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Bajrang Dal Disrupts Hindu-Muslim Marriage In Meerut, Woman Denies Being Abducted

"We would never let Muslim boys marry Hindu girls."

29/09/2017 12:56 PM IST | Updated 29/09/2017 12:58 PM IST
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Representational image.

Members of the firebrand Hindutva outfit Bajrang Dal stormed into a wedding of an inter-faith couple at a district court in Meerut, Uttar Pradesh, on Wednesday. Their initial charge: the girl in question is a minor. Within hours, it was modified to accusations of 'Love Jihad' towards the bridegroom, Saddam, who is a 25-year-old labour contractor in Faridabad.

Originally a resident of Shamli, Uttar Pradesh, Saddam was charged by Balraj Doongar, the state convener of Bajrang Dal, with luring his "minor" girlfriend away, though 21-year-old Krishna, for whose protection all this was done, had a different story to tell.

A resident of Greater Noida and a dropout from a BTech programme, she denied that she was abducted, as her uncle had told the police in a complaint filed under Section Section 346 (wrongful confinement) of the Indian Penal Code. On the contrary, Krishna said she had decided to marry Saddam of her own accord.

Doongar, however, couldn't be satisfied with this explanation. "We are proud that we did not let a Muslim boy manipulate a Hindu girl into marrying him. We would never let Muslim boys marry Hindu girls," he told The Hindu.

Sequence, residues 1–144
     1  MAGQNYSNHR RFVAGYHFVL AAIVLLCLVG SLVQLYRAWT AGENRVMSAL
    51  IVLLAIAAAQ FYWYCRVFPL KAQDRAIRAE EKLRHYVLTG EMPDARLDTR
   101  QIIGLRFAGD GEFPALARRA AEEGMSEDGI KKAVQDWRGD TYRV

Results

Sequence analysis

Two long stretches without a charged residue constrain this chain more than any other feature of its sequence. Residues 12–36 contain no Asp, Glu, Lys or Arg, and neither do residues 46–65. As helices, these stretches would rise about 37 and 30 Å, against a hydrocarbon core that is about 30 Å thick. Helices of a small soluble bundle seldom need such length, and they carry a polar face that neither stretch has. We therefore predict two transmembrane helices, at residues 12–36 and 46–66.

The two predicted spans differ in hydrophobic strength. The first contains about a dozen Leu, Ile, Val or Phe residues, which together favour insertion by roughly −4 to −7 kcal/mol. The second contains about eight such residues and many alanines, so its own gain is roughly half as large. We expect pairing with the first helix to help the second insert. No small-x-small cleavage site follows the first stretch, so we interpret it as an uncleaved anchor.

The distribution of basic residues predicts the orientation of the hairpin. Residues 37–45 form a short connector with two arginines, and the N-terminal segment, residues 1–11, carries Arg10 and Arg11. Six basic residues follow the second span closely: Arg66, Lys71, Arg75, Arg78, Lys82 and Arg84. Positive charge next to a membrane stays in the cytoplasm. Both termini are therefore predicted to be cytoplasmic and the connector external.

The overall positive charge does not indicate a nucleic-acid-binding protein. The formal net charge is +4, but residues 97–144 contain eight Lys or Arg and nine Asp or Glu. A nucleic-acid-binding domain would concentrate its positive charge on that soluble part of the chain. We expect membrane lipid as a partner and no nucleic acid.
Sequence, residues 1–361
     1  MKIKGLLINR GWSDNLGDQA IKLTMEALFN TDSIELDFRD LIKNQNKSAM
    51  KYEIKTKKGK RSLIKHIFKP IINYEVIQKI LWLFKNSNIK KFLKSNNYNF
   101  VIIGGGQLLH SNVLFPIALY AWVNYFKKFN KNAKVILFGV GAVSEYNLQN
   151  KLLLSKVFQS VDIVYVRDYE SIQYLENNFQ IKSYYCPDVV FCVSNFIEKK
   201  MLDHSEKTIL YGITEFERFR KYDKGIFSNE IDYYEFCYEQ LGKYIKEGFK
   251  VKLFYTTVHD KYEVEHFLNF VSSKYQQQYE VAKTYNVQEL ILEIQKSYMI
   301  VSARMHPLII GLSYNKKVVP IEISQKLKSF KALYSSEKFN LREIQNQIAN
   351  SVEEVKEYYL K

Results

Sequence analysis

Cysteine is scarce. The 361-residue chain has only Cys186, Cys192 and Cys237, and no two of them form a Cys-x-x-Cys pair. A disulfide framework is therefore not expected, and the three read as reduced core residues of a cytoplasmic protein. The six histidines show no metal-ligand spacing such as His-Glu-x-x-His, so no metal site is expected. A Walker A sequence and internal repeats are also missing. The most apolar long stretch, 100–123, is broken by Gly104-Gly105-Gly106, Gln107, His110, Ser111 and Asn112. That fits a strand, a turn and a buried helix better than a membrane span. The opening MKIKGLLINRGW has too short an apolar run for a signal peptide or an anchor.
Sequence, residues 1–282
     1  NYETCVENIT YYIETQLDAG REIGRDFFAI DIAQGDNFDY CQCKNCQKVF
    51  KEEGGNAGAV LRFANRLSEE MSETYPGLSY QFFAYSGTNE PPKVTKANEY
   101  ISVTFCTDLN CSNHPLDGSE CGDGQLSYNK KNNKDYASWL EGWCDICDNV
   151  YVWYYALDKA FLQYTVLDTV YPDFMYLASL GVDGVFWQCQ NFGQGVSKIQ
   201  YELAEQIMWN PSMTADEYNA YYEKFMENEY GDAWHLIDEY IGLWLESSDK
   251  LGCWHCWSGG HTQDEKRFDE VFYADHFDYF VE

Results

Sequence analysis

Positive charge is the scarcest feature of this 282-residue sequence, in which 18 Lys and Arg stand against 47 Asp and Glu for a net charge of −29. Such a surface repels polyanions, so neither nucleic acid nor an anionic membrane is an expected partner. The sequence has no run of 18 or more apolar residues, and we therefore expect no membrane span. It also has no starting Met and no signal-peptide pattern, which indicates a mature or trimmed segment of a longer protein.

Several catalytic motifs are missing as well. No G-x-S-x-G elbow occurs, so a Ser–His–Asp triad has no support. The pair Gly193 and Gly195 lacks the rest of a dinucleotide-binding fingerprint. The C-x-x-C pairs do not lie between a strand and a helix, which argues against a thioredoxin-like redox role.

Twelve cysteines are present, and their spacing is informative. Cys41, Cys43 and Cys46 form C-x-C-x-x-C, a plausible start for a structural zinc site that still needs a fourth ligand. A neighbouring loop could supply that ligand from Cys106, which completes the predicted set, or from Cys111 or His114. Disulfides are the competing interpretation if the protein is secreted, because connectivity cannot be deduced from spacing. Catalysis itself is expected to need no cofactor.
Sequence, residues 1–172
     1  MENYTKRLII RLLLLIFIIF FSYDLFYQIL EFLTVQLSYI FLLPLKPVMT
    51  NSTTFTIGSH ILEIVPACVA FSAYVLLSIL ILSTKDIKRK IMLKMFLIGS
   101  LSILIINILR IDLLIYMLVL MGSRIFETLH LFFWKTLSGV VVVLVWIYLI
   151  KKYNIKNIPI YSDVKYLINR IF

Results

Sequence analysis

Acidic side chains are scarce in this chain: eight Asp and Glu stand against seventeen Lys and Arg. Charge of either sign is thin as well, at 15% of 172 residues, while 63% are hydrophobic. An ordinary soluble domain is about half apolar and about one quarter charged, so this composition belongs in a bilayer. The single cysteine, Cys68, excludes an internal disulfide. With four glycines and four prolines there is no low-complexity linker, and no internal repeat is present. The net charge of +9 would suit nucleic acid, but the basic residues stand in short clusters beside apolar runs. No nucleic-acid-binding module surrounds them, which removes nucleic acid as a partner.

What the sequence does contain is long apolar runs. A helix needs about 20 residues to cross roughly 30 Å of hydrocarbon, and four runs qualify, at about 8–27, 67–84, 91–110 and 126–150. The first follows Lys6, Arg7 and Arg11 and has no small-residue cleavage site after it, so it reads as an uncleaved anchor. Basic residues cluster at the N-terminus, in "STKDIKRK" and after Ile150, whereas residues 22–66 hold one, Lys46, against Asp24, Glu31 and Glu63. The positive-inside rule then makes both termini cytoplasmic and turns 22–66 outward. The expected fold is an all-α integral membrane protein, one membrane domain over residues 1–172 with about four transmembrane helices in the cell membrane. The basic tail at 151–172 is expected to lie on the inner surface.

The prevention of "Love Jihad", which is a derogatory term used by the right-wing to describe inter-faith marriages, is an agenda that is close to the heart of the ruling dispensation in the state. After Bajrang Dal activists clashed with the police for not siding with them, the case was handed over to the Haryana police.

The case is the second of its kind in a span of a week in Uttar Pradesh, where, in an earlier instance, an inter-faith couple were assaulted by Bajrang Dal workers in Hapur, in the western part of the state, for renting an accommodation together.

Since Yogi Adityanath was appointed the chief minister earlier this year, Uttar Pradesh has seen several measures to "protect" women, including the formation of vigilante groups called "anti-Romeo squads" that operated like moral police.

After complaints about the overreach of these groups, these were re-organised into Nari Suraksha Bal, task forces for the safety of women. But in their zeal, these custodians of law and order have gone too far and curtailed the freedom of both women and men.

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